4 Ways to Move Through Pain to Fulfillment

An aspirin might solve a headache, but it doesn’t cure cancer.

Instead of moving through pain to fulfillment, we prolong and multiply discomfort by masking it.

It’s better to use pain than ignore it.

You move through pain to fulfillment when you discover purpose. Image of a dachshund facing the future.

4 ways to move through pain to fulfillment

#1. Humble yourself.

Pain hardens fools and humbles sages.

No one can humble you. You humble yourself.

Humility caused by painful failure is like turning on bright lights. The wise open their eyes; fools turn away.

3 insights sages know:

  1. Self-made is a myth that insults everyone who helped you.
  2. Gratitude comes from learning through failure.
  3. The height you reach depends on the shoulders you stand upon.

“I prefer an injurious truth to a useful error. Truth heals any pain it may inflict on us.” Goethe

Through pain to fulfillment: Pain hardens fools and humbles sages. Image of a half-opened chestnut.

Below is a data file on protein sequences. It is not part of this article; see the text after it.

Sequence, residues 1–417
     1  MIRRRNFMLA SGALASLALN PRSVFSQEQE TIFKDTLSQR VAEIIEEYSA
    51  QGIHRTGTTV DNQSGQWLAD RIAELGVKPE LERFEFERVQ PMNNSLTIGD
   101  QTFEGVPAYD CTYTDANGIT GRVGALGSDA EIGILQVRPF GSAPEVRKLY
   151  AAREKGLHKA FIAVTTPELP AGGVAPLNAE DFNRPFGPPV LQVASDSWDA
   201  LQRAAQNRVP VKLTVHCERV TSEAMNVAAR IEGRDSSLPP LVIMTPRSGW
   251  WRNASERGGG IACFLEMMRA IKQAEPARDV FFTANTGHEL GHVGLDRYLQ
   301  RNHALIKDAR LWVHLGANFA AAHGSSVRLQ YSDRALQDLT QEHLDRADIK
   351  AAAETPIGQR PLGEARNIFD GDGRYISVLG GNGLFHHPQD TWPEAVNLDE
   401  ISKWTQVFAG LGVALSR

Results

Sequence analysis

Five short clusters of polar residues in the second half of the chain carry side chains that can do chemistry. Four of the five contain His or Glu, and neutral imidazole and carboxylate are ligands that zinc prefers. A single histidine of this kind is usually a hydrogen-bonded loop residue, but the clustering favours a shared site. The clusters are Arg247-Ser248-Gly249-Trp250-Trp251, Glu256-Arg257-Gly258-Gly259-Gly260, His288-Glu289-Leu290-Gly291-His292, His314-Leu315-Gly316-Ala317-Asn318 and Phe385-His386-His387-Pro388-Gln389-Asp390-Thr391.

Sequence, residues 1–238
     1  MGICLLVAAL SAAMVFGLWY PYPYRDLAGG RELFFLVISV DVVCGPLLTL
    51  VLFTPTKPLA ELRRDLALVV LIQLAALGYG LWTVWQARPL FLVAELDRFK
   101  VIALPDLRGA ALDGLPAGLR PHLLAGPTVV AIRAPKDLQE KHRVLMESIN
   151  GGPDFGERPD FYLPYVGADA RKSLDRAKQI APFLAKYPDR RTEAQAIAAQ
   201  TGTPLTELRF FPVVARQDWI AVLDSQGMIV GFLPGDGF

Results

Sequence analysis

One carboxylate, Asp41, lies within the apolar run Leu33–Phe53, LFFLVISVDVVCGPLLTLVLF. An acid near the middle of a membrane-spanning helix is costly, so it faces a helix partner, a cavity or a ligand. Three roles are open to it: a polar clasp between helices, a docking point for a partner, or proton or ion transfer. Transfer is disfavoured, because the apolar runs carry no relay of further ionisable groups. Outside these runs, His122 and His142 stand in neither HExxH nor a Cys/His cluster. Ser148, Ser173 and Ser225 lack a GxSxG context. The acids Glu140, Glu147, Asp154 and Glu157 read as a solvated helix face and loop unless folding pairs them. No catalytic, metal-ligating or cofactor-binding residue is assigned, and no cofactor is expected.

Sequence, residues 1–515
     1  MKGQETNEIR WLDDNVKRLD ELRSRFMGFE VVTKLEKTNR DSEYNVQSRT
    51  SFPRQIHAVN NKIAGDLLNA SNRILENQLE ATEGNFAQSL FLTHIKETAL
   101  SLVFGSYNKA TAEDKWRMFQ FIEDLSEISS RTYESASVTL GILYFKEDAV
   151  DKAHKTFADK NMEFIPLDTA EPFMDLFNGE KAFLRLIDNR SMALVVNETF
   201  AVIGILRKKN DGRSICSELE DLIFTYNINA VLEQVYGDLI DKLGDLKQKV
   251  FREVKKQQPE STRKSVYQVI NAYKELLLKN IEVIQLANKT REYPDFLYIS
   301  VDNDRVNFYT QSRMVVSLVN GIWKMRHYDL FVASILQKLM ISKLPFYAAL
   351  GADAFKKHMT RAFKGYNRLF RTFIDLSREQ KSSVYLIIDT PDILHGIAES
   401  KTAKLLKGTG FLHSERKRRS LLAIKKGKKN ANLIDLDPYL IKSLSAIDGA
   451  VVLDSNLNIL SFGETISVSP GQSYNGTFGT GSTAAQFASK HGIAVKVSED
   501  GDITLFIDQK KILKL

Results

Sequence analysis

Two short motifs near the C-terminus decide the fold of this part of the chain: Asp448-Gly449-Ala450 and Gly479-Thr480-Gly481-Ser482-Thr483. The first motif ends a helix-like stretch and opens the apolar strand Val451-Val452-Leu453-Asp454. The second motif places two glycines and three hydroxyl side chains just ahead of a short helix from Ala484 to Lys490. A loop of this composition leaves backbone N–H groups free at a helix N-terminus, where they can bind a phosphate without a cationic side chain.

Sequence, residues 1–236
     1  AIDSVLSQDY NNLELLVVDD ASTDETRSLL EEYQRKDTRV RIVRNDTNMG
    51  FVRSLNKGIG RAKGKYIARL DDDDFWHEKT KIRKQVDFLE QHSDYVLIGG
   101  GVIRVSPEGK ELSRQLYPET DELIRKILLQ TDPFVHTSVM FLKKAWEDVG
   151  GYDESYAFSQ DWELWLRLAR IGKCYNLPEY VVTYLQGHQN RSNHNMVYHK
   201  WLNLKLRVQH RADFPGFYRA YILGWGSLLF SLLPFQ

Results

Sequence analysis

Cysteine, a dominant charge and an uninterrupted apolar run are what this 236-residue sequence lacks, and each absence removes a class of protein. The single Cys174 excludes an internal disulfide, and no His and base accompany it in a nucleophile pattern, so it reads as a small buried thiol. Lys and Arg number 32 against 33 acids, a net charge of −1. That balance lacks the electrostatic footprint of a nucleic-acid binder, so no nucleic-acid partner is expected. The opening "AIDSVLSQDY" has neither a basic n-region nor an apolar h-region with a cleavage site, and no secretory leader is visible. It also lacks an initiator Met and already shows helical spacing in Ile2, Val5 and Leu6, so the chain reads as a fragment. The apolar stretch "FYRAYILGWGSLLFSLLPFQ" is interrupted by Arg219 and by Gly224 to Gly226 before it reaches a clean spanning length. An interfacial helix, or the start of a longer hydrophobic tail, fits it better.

#2. Find purpose.

You move through pain to fulfillment when you discover purpose.

Painful experiences are jackhammers.

People who have been abused often find purpose in serving those who are abused, for example.

What painful experiences are you solving?

#3. Adapt

Agony is punishment for foolish persistence.

When I’m at my computer I tip my head back so I can see clearly. I’m looking through bifocals. Constant tipping causes neck and shoulder pain. The solution is computer glasses, not gutting it out.

“The only thing more painful than learning from experience is not learning from experience.” Anonymous

Agony is punishment for foolish persistence. Image of a porcupine.

#4. Stop.

They say pain is weakness leaving the body, but sometimes it means STOP.

Skillful quitting minimizes suffering.

Leaders talk themselves out of opportunities. They say, “They need me here,” or, “Things are going so well,” or, “I have more to do here.”

The above quotes reflect reality, but they are self-limiting excuses that prevent reflection on opportunity.

The discomfort of rejecting future opportunity is less painful than rejecting present security.

How might leaders move through pain to fulfillment?

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